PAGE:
As someone who has worked for some thirty years as a teacher and student of colonial studies– on comparative colonial situations, colonial histories, and the violent and subtle forms of governance on which colonial regimes rely, it would be difficult not to describe the Israeli state as a colonial one. It would be difficult not to recognize Israel’s past and ongoing illegal seizure of Palestinian land, the racialization of every aspect of daily life, and the large-scale and piecemeal demolition of Palestinian homes, destruction of livelihoods, and efforts to destroy the social and family fabric, as decimation by concerted and concentrated colonial design. These are the well-honed practices of regimes that define colonialisms and have flourished across the imperial globe. As with other colonial regimes, the Israeli state designates and redraws geographic borders, suspends Palestinian civil rights and arbitrarily transgresses what for Israelis are recognized and guarded as private space.
Israel is particular but it is not unique. Its techniques of occupation are based on unfounded uses of the legal apparatus of Israeli law. These are the practices of a colonial state committed to replacing and displacing a Palestinian population, and committed to its own expansion. That expansion is persistent, both surreptitious and blatant everyday: room by room in the old city of Jerusalem, house by house in the spread of settler communities, meter by meter as the placement of the Wall in the name of “security” cuts through homes and fields, and divides neighborhoods while it infringes further into legally recognized Palestinian territories. At issue is both a confiscation of history and a confiscation of the future possibilities of those who today find their bedding thrown on the streets in the middle of the night by Israeli settlers.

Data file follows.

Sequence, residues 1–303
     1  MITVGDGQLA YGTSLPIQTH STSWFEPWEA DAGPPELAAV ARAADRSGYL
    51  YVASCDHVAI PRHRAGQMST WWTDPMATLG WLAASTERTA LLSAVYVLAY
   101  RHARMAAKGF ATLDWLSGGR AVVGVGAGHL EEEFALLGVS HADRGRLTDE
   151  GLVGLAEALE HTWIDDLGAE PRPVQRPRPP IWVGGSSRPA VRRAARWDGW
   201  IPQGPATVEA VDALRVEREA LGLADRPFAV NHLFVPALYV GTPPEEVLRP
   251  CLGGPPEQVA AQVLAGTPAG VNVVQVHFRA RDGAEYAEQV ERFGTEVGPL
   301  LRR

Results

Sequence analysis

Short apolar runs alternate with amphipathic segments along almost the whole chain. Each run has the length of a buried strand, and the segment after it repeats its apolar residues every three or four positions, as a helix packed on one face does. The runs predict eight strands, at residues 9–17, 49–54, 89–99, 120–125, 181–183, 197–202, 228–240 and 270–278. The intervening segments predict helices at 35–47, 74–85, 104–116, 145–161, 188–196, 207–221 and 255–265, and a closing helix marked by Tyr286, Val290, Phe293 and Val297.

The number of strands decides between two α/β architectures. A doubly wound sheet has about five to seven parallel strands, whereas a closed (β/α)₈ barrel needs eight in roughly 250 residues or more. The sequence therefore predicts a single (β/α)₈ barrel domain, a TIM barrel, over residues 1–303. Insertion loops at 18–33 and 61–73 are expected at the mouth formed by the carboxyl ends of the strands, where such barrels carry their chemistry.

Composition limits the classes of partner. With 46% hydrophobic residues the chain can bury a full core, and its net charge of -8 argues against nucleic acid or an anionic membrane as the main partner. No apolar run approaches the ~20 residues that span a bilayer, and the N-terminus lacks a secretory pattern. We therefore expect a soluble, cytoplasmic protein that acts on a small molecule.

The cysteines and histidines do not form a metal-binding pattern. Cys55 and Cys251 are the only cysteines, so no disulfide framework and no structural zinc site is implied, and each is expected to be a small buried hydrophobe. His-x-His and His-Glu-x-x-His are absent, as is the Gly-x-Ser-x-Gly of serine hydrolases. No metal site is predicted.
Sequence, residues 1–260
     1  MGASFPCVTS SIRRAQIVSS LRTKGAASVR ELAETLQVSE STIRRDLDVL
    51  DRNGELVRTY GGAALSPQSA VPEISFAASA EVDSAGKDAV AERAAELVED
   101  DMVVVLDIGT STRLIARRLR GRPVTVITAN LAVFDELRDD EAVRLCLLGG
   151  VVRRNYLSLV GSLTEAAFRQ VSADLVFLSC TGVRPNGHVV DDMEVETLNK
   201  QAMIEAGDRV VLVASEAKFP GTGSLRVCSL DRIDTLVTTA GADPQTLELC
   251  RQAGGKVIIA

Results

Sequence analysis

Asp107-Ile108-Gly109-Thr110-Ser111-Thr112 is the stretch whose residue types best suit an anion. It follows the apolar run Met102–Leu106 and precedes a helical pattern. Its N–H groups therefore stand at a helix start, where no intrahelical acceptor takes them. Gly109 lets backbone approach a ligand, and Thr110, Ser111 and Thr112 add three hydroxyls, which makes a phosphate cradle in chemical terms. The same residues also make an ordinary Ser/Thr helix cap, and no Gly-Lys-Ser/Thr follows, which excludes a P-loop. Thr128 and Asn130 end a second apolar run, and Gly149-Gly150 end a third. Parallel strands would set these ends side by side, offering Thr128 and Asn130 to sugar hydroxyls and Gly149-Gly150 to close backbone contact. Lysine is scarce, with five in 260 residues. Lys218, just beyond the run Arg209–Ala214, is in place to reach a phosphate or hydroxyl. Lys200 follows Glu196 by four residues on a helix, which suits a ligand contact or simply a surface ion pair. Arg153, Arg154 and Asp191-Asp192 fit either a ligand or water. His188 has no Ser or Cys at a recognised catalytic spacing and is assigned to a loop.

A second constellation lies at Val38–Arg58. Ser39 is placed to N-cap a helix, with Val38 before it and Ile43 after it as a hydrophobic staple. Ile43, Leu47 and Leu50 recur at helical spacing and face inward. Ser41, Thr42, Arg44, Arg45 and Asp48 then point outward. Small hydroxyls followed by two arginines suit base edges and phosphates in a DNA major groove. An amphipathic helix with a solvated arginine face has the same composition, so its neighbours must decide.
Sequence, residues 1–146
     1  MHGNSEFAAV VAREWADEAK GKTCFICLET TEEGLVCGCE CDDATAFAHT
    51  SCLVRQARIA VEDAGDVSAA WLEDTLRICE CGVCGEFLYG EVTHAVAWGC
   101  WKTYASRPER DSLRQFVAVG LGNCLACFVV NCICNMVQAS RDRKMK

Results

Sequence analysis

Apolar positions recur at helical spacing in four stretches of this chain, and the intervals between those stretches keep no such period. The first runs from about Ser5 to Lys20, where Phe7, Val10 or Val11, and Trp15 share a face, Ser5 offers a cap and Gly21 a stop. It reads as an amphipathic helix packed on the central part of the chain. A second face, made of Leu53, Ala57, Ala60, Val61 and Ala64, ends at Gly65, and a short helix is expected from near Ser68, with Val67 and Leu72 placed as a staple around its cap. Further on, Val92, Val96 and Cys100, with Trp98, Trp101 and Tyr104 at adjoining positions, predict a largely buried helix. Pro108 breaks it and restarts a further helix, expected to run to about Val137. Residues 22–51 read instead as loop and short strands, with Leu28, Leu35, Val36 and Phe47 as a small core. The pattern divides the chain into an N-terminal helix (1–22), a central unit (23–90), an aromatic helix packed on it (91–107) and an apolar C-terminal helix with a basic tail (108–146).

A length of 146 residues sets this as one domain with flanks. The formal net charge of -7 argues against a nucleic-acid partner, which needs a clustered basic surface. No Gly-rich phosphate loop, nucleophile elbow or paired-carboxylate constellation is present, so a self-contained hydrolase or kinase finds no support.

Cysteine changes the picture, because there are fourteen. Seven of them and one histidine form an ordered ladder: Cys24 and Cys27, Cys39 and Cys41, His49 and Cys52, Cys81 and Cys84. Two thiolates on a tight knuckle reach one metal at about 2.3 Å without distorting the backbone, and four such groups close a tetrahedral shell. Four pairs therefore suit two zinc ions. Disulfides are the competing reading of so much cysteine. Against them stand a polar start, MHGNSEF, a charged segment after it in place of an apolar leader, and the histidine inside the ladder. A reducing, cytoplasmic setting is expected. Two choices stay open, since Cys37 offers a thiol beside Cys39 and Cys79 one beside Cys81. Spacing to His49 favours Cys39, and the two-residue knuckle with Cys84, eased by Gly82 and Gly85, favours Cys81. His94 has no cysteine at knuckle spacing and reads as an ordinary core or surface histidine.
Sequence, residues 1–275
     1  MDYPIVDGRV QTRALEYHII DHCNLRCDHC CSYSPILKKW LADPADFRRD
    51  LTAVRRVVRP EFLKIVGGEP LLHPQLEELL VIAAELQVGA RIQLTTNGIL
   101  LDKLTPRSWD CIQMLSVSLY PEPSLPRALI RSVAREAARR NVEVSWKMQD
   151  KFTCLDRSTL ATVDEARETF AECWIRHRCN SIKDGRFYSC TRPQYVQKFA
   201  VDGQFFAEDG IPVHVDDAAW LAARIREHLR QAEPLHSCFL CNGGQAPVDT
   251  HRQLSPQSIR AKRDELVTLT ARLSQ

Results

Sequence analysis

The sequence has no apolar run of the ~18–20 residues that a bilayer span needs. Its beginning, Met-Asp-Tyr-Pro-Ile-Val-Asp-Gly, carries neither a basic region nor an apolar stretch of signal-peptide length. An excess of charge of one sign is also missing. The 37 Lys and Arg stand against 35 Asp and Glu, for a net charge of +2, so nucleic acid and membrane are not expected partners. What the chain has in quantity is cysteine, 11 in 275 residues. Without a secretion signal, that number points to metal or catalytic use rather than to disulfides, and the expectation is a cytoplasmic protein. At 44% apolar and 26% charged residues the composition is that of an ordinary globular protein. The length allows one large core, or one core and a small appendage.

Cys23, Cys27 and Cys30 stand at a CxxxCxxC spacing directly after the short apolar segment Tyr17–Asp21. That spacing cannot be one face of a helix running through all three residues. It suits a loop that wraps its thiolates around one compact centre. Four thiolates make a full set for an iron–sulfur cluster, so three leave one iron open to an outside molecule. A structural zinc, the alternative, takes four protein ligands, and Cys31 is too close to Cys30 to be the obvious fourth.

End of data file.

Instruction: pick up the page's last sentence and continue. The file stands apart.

If democracy is defined, as Hannah Arendt did, by “the right to have rights” for an entire population within the state’s jurisdiction, the Israeli state cannot be considered a democratic one. Nor can a democracy be founded on the principle of expulsion and the creation of a diasporic population shorn of its land, belongings and citizenship – a principle avidly embraced by Israel since l948. For these reasons, I confirm my support for the BDS international boycott of those Israeli institutions that actively or passively accept a status quo that condones and expands the occupation, violates international law, enforces military control and denies Palestinian rights to self-determination.
Ann Laura Stoler
Willy Brandt Distinguished University Professor
Of Anthropology and Historical Studies
The New School for Social Research
New York, New York 10003
10 September 2010